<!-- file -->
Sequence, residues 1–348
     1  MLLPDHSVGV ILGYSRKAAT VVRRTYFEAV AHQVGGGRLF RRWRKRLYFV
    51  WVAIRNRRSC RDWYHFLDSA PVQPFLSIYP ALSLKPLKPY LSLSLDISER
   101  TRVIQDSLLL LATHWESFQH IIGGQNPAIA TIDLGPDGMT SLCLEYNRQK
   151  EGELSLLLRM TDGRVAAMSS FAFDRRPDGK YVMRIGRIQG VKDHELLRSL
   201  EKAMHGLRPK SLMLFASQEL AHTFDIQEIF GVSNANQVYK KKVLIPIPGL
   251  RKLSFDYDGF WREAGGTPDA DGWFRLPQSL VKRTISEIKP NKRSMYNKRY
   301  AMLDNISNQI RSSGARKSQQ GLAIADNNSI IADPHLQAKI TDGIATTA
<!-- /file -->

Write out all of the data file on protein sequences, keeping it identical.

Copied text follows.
Sequence, residues 1–348
     1  MLLPDHSVGV ILGYSRKAAT VVRRTYFEAV AHQVGGGRLF RRWRKRLYFV
    51  WVAIRNRRSC RDWYHFLDSA PVQPFLSIYP ALSLKPLKPY LSLSLDISER
   101  TRVIQDSLLL LATHWESFQH IIGGQNPAIA TIDLGPDGMT SLCLEYNRQK
   151  EGELSLLLRM TDGRVAAMSS FAFDRRPDGK YVMRIGRIQG VKDHELLRSL
   201  EKAMHGLRPK SLMLFASQEL AHTFDIQEIF GVSNANQVYK KKVLIPIPGL
   251  RKLSFDYDGF WREAGGTPDA DGWFRLPQSL VKRTISEIKP NKRSMYNKRY
   301  AMLDNISNQI RSSGARKSQQ GLAIADNNSI IADPHLQAKI TDGIATTA